16 June 2016

Top Flower Picks for a Summer Cutting Garden

If you have a flower garden you’re probably all too familiar with this quandary: You spend a lot of time and energy creating a dazzling summer flowerbed only to rob it of cuttings to create beautiful indoor arrangements. So what to do? This summer try planting two separate beds—one in the front strictly for aesthetics and one in the back for cuttings.

Now that we’ve got that problem solved, it’s time to pick flower varieties that will make the most of your summer bouquets and your home’s curb appeal. We’ve researched the top flowers that not only look fabulous in the garden but also in an arrangement. Our favorites were chosen based on their bloom times, vase life and unique appearance.

Asters
Few flowers will brighten a bouquet like these hardy little perennials. They produce from summer into fall supplying you with continual blooms. People often mistake them for daisies because of their long slender petals surrounding a bright yellow center.

Choose from 180 aster varieties in a lovely range of colors including purple, pink and white. Asters are perfect for fresh summer arrangements and can be dried and used during any season.

Sedum
These perennials feature succulent leaves and stems crowned with tight clusters of small blooms. Sedum is an easy-care plant that tolerates summer heat and drought conditions. Raspberry, blue, yellow and variegated varieties are just a sampling of your color options.

“Autumn Joy”, “Frosty Morn” and “Matrona” are some of the taller varieties that make the best cut flowers. Choose stems with clusters of full blooms and the base of the stem at a 45-degree angle. Place the stems immediately in water and they’ll up to a week or more.

Peonies
These flowers resemble roses on steroids with their ample, lush blooms that herald the beginning of summer. The perennials easy to grow and require little maintenance. Peonies are quick growers and seem to produce masses of flowers overnight. This means you must be resourceful in order to extend the blooms for cut arrangements.

When the blossoms first show a tiny sliver of color, cut the stems and remove most of the leaves. Wrap several stems together in tissue paper, indicating the cutting date on the outside. Place them in a very cold refrigerator and take the stems as you need them. Recut the stems and place them in water. Within a couple of days you’ll have full peony blooms!

Even though they’re early bloomers, you can enjoy their lush greenery all summer. The deep green, mounded plants are beautiful on their own. You can also use their foliage in your mid to late season flower arrangements.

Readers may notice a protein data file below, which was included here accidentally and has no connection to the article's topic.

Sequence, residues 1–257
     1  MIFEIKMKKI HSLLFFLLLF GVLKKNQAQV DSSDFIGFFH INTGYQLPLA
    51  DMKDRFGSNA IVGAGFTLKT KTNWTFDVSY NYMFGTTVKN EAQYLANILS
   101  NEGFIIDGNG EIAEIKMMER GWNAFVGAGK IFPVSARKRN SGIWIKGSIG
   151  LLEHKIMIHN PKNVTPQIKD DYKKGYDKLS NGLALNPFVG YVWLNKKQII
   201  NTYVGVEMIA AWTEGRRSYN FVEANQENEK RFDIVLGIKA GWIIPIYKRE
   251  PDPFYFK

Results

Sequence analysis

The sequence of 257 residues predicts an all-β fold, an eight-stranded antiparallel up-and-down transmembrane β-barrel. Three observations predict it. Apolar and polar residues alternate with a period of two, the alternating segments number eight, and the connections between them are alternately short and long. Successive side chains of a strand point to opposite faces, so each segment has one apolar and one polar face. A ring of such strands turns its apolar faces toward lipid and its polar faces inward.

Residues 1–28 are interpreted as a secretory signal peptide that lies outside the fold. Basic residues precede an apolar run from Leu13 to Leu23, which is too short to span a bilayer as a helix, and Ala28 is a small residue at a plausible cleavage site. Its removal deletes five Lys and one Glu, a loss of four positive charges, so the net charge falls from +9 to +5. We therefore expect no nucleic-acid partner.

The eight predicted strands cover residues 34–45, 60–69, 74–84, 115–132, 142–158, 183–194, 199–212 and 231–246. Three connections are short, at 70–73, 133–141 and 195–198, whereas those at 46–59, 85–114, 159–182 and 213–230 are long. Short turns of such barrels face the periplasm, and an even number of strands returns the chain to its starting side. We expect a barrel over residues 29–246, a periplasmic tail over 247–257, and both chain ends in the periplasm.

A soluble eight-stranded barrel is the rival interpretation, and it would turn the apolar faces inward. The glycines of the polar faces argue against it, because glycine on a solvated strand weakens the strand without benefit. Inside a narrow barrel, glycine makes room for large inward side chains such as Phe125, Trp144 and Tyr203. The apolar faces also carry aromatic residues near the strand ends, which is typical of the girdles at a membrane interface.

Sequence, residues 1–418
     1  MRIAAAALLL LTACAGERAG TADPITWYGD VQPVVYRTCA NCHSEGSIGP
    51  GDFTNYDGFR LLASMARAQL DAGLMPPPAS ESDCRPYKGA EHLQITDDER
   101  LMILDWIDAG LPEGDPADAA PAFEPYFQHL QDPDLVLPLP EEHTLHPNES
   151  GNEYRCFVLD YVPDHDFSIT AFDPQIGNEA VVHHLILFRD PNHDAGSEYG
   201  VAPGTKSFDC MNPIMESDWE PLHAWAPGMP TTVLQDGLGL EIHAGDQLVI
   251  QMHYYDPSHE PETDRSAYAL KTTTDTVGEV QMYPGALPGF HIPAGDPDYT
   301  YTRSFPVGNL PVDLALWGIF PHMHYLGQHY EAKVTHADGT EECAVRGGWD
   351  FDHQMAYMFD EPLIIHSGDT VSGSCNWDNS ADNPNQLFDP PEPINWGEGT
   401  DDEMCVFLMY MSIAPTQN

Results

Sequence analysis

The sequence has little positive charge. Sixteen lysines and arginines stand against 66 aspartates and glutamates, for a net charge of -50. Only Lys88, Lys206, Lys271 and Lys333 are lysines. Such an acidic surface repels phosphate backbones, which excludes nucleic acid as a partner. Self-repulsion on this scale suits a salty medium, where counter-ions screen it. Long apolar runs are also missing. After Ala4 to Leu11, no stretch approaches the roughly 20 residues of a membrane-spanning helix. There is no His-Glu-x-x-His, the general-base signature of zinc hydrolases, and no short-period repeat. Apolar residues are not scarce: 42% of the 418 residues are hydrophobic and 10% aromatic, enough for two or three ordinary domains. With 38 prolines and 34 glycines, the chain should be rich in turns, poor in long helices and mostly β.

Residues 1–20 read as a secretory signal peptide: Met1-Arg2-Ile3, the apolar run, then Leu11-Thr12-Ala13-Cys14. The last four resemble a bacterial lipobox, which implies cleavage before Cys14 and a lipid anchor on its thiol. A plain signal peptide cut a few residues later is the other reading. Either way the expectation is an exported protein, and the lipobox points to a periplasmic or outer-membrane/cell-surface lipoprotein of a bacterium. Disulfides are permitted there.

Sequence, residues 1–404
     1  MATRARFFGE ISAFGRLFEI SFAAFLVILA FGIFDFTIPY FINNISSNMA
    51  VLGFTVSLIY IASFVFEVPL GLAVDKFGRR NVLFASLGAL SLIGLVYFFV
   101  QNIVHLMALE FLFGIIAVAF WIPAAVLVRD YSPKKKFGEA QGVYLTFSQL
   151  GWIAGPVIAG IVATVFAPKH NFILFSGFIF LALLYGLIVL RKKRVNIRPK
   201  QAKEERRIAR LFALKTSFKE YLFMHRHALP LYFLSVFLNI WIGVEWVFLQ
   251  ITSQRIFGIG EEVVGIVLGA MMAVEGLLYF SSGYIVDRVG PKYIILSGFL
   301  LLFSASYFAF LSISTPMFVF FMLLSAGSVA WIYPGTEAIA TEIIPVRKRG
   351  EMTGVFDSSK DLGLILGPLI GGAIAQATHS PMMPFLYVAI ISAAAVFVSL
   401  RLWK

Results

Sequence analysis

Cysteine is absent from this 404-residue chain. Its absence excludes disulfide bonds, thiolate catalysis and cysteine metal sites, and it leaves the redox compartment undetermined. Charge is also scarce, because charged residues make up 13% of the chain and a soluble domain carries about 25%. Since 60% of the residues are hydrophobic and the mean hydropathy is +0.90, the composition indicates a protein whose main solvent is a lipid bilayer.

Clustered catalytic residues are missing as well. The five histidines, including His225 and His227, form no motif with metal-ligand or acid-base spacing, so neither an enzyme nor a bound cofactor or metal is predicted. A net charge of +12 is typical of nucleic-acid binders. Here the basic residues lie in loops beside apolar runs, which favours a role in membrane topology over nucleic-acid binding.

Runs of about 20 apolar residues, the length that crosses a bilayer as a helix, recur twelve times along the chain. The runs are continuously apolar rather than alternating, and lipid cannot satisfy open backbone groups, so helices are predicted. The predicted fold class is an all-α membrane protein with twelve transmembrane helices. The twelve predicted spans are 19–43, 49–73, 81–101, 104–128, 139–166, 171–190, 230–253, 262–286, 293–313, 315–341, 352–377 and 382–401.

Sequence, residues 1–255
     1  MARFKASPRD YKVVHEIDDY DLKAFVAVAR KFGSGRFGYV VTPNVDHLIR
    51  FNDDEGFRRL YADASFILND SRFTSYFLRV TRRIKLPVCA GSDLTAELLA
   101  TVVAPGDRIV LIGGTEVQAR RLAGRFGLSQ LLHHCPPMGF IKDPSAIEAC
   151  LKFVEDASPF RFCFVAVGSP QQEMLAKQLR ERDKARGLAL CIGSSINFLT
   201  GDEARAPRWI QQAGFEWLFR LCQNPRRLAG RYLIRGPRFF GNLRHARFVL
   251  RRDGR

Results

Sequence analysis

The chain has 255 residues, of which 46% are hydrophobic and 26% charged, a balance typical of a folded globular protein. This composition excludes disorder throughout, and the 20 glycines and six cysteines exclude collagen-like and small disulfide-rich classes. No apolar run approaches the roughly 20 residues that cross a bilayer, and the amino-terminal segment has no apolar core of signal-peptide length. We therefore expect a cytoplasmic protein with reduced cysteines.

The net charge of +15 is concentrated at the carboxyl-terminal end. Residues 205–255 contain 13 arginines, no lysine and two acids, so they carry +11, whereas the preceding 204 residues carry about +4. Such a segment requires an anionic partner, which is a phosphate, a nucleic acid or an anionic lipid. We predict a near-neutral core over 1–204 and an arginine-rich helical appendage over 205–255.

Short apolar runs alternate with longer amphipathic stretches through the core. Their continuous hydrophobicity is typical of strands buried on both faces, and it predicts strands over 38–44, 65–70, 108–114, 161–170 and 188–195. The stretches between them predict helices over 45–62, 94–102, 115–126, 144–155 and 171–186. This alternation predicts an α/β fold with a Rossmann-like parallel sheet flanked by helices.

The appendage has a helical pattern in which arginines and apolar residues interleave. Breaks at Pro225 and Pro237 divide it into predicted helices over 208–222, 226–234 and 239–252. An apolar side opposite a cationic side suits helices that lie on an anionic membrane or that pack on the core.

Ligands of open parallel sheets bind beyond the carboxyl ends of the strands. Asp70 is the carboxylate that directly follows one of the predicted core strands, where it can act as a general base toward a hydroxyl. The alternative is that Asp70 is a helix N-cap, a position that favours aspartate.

Yarrow

Yarrow’s delicate and aromatic blossoms are well suited for floral arrangements and a great addition to your perennial garden. This drought-tolerant plant features flat-topped flower clusters in shades of yellow, white and pink, just to name a few.

Most yarrow plants are roughly 2 feet tall, making them the perfect size for flower arrangements. Cut the stem at about 18 inches and remove the leaves. Keep the stems in cool water and they will last a week to ten days.

Dahlias
Big, bold blooms and a rainbow of vivid colors are the hallmarks of dahlias. These tuberous flowers are spectacular in the garden and in an arrangement all to themselves. They possess the best characteristics of both annuals and perennials. They bloom continually and will come back each year if protected from freezes.

Dahlias are ideal cutting flowers. The more you cut them, the more buds they will produce. Their vase life is between four to ten days. Beginning in late spring, you’ll find dahlias at the nursery in 1-gallon pots, or you can plant them from tubers in early spring.

Russian Sage
While not commonly recognized as a cut flower, Russian sage is a unique filler for floral arrangements. Their tall silvery stems are covered in hundreds of tiny deep blue blooms that contrast beautifully with dense, gray-green foliage.

Russian sage produces blooms from mid to late summer and resembles a low growing shrub. It is a very easy plant to cultivate—in fact they almost thrive on neglect making them perfect for dry, hot zones with minimal irrigation.

Penstemons
These dense plants may not produce for long, but from early to mid summer they will provide you with prolific tubular flowers along their tall stems. Penstemon, a western U.S. native plant loves heat and sun. Also known as beardtongue, this prairie flower attracts hummingbirds and looks right at home in wildflower gardens.

Penstemon spikes grow 1 to 3 feet tall and come in a range of colors including blue, pink, purple, red and white depending on the variety. They are an easy care and low maintenance plant and great source for cut flowers. Penstemon’s unusual trumpet-shaped blossoms work very well in simple arrangements.

Begonias
We’re used to seeing begonias in pots or as border plants, but not necessarily in flower arrangements. These annuals are highly regarded for their exquisite colors such as red, salmon, yellow and pink. They thrive in warm, moist climates and bloom throughout the summer months. They do particularly well in shade and partial shade making them a versatile addition to north-facing gardens.

You may not realize it but begonias make fabulous cut flowers. They mix well with other garden flowers but really shine when arranged in a casual bouquet of begonias in varying colors. Also consider using fancy begonia leaves as foliage filler for your flower arrangements.

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